Rip Van Winkle and Romanticism Essay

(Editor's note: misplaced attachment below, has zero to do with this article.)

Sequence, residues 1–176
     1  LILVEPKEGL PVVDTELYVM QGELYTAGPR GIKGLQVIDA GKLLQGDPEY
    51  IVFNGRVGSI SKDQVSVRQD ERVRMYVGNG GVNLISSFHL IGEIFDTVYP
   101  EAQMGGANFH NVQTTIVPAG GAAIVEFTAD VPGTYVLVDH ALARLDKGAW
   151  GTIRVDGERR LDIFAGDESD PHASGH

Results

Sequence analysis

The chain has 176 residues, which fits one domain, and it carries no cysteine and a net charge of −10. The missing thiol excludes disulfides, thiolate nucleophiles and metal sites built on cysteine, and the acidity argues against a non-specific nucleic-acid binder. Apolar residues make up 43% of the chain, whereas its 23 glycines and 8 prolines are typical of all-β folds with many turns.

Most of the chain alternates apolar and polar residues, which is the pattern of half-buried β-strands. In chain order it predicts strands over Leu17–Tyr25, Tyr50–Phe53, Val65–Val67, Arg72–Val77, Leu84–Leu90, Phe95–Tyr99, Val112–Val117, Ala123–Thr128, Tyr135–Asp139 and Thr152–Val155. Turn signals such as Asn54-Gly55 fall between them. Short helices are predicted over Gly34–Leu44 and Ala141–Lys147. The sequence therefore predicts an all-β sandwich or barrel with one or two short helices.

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Romanticist Washington Irving compiled and published a series of essays called The Sketch Book in the early to mid nineteenth century. One essay (or sketch), known as "Rip Van Winkle", was very successful and further supported the Romanticist movement. In this sketch Irving recounts the story of Rip Van Winkle as told by a peculiar Diedrich Knickerbocker, native of New York. The short tale tells of a middle-aged man known as Rip Van Winkle living in a Dutch village in the pre-revolutionized America. Rip was a lazy man who helped others but never did his own work. He is described as a man who "was ready to attend to any body's business but his own; but as to doing family duty, and keeping his farm in order, it was impossible" (Irving 938). Van Winkle had a staunch wife whom he dreaded and two unkempt children. His farm was slowly wasting away and his dog Wolf was his only "domestic adherent". Rip would go to the town's inn and sit with his friends and discuss past issues in old newspapers. He was an overall laid-back man and "If left to himself, he would have whistled life away, in perfect contentment" (Irving 939). The one thing keeping him from doing so, letting his life drift away, was his wife constantly complaining about his idleness and laziness. One day, Rip Van Winkle went out hunting to get away from his wife and labours of the farm. He walked along to the Kaatskill mountains with Wolf where he heard his named called repeatedly. He finally found the source of the calling, a stout man carrying a keg. Rip went to the man and silently helped him carry it into the mountains to a group of people. He fearfully served them flagons and then drank much of it himself until he fell into a deep sleep. When he woke up, he realized his dog was gone and he was back in the place where he first saw the stout man. He walked back into town and

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